Ethan paused in front of the bathroom mirror before turning out the light, and studied his own face. He thought of Elli Quinn, and EQ-1. In a woman, one saw not charts and graphs and numbers, but the genes of one's own children personified and made flesh. So, every ovarian culture on Athos cast a woman's shadow, unacknowledged, ineradicably there.
    And what had she been like, Dr. Cynthia Jane Baruch, 200 years dead now, and how much had she secretly shaped Athos, all unbeknownst to the founding fathers who had hired her to create their ovarian cultures? She who had cared enough to put herself in them? The very bones of Athos were molded to her pattern. His bones.
    "Salute, Mother," Ethan whispered, and turned away to bed. Tomorrow began the new world, and the work thereof.

    Borders of Infinity 
  • Heartwarming or Awesome, it's a toss-up: In "The Mountains of Mourning," after disinterring an infant to confirm that she'd been murdered, Miles realizes he doesn't have anything with him to burn as the customary small sacrifice at a burial. He thinks: Peace to you, small lady, after our rude invasions. I will give you a better sacrifice, I swear by my word as Vorkosigan. And the smoke of that burning will rise and be seen from one end of these mountains to the other. He makes good on the promise.
    • Even better is when Miles returns to the same village years later and finds that the poverty-stricken backwater has been transformed into a thriving community, and the mother of the murdered infant is now a teacher at the newly-built school, which, at Miles' suggestion, is named for the infant.

    Brothers in Arms 
  • In Brothers in Arms Miles tells Mark that their grandfather tried to smother him in his cradle, he knows this because Piotr told him. Consider the context; Four-Star Badass General Count Piotr Vorkosigan confessed to his grandson he had been wrong about him. That's heartwarming right down to the toes.
  • When Miles first meets Mark - a clone he had no idea existed who, as far as he knows, is a willing part of the conspiracy to kill and replace him - his first response is to work out what Mark's name should be and call him brother. Even as Miles is being dragged away to be tortured:
    "Your name is Mark!"
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    Mirror Dance 
  • The unusual way Mark bonds with Aral in Mirror Dance: he immediately tells him of how Ser Galen trained him in assassinating him, and was instructed him to make Aral think it was Miles who betrayed him as he died. Aral's response? To nod and critique the plot casually. This relaxes Mark and the two start their relationship with total honesty.
  • It's tossed off so casually the reader barely notices on first take but Elena has brought her baby to make an offering at her father's grave. Sounds like she's gotten over her issues.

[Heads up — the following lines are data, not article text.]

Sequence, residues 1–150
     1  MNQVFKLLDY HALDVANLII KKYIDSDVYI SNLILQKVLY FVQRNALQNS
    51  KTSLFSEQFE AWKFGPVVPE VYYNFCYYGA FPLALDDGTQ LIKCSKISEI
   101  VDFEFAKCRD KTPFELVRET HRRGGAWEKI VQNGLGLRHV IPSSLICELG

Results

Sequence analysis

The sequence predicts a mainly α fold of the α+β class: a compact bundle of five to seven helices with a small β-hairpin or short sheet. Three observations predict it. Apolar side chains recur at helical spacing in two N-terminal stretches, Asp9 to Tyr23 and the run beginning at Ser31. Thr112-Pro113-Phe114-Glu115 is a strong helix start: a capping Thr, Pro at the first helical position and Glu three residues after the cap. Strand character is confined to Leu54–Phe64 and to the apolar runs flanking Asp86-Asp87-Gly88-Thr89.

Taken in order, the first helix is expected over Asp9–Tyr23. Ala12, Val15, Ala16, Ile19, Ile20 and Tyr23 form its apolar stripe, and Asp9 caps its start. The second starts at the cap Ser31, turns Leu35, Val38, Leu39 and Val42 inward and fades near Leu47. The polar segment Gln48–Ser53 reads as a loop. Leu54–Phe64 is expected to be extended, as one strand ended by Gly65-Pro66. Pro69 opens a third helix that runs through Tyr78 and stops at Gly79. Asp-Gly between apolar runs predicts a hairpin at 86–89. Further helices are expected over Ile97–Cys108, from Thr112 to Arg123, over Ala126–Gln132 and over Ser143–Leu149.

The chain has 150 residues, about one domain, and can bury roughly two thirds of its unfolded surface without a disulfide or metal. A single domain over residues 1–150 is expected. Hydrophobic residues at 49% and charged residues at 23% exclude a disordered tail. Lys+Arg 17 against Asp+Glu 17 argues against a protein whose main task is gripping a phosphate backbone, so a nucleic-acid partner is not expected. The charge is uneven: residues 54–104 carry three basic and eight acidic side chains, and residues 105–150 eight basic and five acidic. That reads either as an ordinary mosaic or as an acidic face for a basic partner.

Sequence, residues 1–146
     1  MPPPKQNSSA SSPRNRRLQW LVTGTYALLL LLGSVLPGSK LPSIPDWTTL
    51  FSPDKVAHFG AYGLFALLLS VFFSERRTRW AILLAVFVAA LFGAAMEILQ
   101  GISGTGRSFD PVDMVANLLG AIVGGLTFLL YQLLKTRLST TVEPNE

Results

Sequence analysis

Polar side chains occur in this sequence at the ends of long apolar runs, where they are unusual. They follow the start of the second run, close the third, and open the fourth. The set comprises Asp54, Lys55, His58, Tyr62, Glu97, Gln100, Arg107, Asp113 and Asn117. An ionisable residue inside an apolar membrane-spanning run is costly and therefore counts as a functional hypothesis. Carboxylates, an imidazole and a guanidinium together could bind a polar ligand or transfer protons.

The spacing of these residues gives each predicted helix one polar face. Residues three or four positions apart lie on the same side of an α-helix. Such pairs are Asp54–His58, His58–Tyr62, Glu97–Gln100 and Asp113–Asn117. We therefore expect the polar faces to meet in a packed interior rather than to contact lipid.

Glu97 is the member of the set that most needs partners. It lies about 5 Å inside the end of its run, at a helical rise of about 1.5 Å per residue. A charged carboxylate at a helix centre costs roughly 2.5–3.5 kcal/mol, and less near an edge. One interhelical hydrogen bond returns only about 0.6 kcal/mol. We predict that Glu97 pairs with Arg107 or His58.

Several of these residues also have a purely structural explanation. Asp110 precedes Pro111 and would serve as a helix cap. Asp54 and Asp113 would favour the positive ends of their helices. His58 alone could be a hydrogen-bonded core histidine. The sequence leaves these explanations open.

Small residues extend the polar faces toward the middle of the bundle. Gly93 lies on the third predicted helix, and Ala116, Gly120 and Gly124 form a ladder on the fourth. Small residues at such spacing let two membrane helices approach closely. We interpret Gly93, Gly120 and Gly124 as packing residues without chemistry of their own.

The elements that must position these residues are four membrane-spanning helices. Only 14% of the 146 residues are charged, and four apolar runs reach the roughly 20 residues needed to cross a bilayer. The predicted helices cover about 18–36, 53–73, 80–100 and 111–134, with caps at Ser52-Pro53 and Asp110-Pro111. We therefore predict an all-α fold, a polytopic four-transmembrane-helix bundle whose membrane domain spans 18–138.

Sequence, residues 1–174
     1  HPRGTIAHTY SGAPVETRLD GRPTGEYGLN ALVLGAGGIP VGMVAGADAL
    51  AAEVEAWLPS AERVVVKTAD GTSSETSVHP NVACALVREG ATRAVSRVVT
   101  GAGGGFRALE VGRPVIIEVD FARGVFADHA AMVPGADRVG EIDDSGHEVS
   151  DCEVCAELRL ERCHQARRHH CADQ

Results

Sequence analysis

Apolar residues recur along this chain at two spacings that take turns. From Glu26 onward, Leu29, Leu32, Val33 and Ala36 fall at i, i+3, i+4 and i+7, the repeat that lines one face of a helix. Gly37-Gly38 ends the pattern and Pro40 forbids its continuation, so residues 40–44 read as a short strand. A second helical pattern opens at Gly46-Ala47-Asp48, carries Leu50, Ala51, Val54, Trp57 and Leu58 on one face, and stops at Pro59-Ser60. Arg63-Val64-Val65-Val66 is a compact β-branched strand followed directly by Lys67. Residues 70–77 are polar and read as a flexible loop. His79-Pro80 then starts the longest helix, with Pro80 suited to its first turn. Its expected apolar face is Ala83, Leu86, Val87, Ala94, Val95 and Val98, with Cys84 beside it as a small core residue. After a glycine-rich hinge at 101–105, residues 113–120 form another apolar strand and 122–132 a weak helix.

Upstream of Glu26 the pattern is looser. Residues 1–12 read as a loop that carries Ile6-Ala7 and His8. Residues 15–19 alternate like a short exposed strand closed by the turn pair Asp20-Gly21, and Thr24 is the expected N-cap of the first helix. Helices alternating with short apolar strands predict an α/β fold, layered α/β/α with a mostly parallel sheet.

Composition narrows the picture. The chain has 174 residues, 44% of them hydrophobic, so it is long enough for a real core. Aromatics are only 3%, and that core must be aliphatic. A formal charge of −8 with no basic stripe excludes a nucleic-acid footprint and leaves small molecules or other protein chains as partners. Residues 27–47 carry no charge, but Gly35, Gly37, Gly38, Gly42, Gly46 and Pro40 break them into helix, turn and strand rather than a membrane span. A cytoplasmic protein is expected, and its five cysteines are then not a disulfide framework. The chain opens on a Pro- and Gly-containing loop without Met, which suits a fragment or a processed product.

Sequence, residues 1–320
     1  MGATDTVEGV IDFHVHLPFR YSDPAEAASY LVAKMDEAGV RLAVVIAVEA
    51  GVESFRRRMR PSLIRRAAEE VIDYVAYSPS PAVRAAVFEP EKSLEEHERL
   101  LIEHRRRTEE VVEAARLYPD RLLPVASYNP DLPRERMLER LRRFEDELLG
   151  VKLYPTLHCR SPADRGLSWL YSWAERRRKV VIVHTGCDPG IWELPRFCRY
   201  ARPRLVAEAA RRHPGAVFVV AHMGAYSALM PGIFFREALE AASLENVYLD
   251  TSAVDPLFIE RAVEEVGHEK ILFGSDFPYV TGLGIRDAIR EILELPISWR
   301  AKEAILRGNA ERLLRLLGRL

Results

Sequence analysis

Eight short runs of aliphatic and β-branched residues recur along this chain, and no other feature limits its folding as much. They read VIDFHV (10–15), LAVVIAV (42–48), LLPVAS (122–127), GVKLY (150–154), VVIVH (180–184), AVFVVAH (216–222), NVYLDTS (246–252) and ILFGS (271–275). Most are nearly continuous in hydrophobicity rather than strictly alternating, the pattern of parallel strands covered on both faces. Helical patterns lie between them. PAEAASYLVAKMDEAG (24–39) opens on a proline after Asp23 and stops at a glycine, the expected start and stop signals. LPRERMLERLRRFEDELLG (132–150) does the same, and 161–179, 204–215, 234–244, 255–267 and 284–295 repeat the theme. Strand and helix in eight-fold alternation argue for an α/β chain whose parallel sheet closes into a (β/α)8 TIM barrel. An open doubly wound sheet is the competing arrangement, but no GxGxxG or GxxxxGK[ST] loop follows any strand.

• Mark finds an unfamiliar name in the Vorkosigan's celebrated cemetary: Amor Klyeuvi. Kly the Mail got his just reward after decades of service and his role during Vordarian's Pretendership.
  • When Baron Fell briefly becomes Georish Stauber and thanks Mark sincerely for helping him by killing his older brother (who tried to kill him). Later, Georish bids his sister goodbye after 80 plus years, reminiscing about escaping Ryoval together (through sewers no less). The farewells are edged, but still sincere.
    Lilly: So this is the end of the road. The last of our blood-pact. Who would have imagined it, all those years ago, when we were climbing out of Ryoval’s sewers together?
    Georish: Not I. (Georish and Lilly embrace one last time) Goodbye, Lilly.
    Lilly: Goodbye, Georie.
  • The ending, especially Cordelia's maternal smile of greed, since she and Aral had the second child she'd always wanted but could never have had because of Miles' condition; a second male would have put "mutie" Miles in danger, since plots to make his brother the heir apparent to Vorkosigan House.
    The Countess attached herself to her husband's arm. "Lead on, love. Vorkosigans Victorious."
    Vorkosigans Convalescent, was more like it, Miles reflected, following. But you should see what the other guys look like.

    Memory 
  • Ivan's Tough Love via ice bath shortly after Miles gets fired from ImpSec and goes into a nearly suicidal funk is pretty damned touching for anyone who's been in a similar situation on either side. Extra touching is that he says he's done it before, and stopped counting after 25 times or so.
  • Any part of Memory with Simon learning how to live a normal life. Thirty years of playing the bland, colorless Spymaster thanks to his memory chip... he's got a lot of living to do. Lucky he's got a lot of awesome friends to help him catch up.
    • Miles shocking discovery: Illyan can dance?!
  • Miles meeting the cadre of Gregor's Imperial Auditors when they're promoting him from temporary Auditor to full-time Auditor. They all recognize Miles' talents, saying that his unique talents complement theirs. It's one of the very few times in the series that Miles meet a group of Barrayarans who are completely accepting of who he is and what he can do. Their relationship is also heartwarming: they get together to discuss cases with one another, and it doubles as a social function for very powerful but utterly normal people who aren't fond of being The Dreaded.